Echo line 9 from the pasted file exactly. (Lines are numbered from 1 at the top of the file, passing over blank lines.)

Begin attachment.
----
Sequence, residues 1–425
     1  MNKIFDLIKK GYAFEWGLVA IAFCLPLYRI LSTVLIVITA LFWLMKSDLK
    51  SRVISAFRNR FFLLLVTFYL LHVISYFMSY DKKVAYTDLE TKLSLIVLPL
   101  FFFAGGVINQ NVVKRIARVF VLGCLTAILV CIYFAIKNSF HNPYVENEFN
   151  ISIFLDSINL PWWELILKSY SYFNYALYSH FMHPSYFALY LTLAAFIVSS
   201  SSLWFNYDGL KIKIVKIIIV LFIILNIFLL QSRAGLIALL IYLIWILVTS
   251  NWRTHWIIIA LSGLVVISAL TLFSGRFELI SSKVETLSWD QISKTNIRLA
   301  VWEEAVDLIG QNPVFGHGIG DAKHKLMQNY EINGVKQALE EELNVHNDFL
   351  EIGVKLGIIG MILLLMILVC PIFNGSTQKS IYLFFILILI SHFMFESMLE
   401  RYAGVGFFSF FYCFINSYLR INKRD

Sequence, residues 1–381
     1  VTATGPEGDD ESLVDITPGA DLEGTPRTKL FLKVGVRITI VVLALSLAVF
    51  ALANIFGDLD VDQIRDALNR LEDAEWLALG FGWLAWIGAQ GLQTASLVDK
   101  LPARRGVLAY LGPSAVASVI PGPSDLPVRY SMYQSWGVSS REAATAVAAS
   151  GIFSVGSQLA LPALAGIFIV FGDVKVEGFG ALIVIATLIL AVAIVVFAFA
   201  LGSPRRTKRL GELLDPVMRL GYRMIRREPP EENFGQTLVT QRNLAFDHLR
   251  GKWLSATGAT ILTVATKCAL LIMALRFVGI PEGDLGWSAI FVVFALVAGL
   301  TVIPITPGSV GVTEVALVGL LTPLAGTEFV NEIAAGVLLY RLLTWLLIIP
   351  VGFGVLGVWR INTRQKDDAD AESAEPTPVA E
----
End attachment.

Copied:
   351  EIGVKLGIIG MILLLMILVC PIFNGSTQKS IYLFFILILI SHFMFESMLE